An Educational Revolution in Indianapolis

Jan 1, 2017 by

By David Osborne –

Our urban school systems struggle because so many of their students live in poverty, but they also struggle because they were designed a hundred years ago, for an industrial society.

In an increasing number of cities, they are being replaced by 21st century systems, in which the central administration does not operate all schools and employ all teachers. Instead, it steers the system but contracts with others to row—to operate many of the schools. The steering body, usually an elected school board and appointed superintendent but sometimes a mayor or appointed board, uses charters and contracts to open schools that meet emerging student needs. If they work, it expands them and replicates them. If they don’t work, it replaces them. Every year, it replaces the worst performers, replicates the best, and develops new models to meet new needs.

The result is continuous improvement. This new formula—autonomy, accountability, diversity of school designs, and parental choice—is simply more effective than the centralized, bureaucratic approach we inherited from the 20th century. Cities that embrace it, by expanding charter schools but also by treating more district schools like charters, are transforming the lives of their students. New Orleans, which has 92 percent of its students in charter schools, is the fastest improving city in America.1 Washington, D.C., with 46 percent in charters, is close on its heels.2 Denver, Memphis, Cleveland, Newark, and Camden, New Jersey, are all moving in the same direction.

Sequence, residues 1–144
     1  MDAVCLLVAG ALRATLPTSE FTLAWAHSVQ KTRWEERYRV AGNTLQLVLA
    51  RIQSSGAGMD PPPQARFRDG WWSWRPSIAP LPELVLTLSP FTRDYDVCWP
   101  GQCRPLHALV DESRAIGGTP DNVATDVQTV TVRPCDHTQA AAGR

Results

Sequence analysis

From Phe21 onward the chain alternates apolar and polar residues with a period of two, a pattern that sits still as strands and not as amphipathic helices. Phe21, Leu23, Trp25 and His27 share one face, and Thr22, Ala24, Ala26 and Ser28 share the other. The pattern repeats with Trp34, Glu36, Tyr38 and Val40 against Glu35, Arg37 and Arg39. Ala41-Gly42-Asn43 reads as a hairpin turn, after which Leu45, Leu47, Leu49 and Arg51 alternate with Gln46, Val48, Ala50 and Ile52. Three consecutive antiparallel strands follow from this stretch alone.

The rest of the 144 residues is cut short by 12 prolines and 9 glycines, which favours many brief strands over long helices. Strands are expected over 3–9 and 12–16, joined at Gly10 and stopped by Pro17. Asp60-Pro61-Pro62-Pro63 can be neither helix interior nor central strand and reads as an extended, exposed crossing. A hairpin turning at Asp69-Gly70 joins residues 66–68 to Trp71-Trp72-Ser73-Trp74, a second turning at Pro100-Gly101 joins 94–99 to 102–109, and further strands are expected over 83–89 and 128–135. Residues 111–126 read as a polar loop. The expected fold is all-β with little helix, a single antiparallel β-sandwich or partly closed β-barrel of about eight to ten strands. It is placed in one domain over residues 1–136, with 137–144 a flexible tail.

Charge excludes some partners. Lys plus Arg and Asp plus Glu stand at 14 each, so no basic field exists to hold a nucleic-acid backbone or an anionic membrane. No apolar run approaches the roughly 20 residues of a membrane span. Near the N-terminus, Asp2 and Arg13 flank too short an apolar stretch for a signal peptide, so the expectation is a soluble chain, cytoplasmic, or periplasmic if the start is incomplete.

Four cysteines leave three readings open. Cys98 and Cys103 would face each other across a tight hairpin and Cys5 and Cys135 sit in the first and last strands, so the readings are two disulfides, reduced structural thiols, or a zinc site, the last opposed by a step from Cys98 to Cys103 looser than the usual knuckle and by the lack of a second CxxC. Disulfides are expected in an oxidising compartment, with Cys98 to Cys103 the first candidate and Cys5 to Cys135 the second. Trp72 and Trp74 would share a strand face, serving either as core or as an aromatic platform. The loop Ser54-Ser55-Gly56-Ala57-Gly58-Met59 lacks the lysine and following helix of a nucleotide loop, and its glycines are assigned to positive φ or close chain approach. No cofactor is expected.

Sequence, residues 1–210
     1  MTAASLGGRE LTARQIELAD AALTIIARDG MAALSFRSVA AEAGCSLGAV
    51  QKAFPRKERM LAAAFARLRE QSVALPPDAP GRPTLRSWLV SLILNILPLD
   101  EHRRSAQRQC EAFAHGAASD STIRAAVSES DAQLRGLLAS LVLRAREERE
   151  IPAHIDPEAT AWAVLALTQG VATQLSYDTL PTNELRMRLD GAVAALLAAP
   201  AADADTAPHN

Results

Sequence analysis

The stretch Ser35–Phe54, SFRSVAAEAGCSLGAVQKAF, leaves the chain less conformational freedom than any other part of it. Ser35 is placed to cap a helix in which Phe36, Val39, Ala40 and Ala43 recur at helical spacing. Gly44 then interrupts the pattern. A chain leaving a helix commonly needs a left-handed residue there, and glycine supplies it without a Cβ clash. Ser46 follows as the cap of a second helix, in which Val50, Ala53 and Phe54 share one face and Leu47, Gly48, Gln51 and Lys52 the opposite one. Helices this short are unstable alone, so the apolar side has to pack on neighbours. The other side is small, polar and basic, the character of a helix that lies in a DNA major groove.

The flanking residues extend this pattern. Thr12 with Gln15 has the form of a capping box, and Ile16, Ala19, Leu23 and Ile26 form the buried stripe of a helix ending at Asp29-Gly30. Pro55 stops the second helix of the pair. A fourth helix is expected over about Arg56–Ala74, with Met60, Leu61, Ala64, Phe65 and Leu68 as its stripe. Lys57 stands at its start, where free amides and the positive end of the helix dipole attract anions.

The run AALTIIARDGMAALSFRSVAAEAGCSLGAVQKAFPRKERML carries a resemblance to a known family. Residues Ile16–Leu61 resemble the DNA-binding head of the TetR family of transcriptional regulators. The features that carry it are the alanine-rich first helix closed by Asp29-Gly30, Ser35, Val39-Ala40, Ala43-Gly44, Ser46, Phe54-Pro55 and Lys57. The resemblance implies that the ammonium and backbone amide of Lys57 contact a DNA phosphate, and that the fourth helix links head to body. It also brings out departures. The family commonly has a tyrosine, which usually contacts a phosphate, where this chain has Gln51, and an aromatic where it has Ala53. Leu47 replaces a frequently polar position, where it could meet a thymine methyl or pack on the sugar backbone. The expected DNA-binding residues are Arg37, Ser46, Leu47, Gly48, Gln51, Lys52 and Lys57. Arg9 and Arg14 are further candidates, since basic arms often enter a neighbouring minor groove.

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Source: An Educational Revolution in Indianapolis – Progressive Policy Institute – Progressive Policy Institute

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1 Comment

  1. Avatar

    This is exactly what I advocated in my two-option reform package in a recent Education Views post:

    1. Local boards should contract with competing bids to run local schools and give each contractor autonomy in selecting faculty, curriculum, and pedagogical practice.

    2. Local boards should break up mega-schools into smaller units that share common facilities (stadiums, labs, vo-ed facilities, etc.), and each unit has separate and autonomous management (as in option 1).

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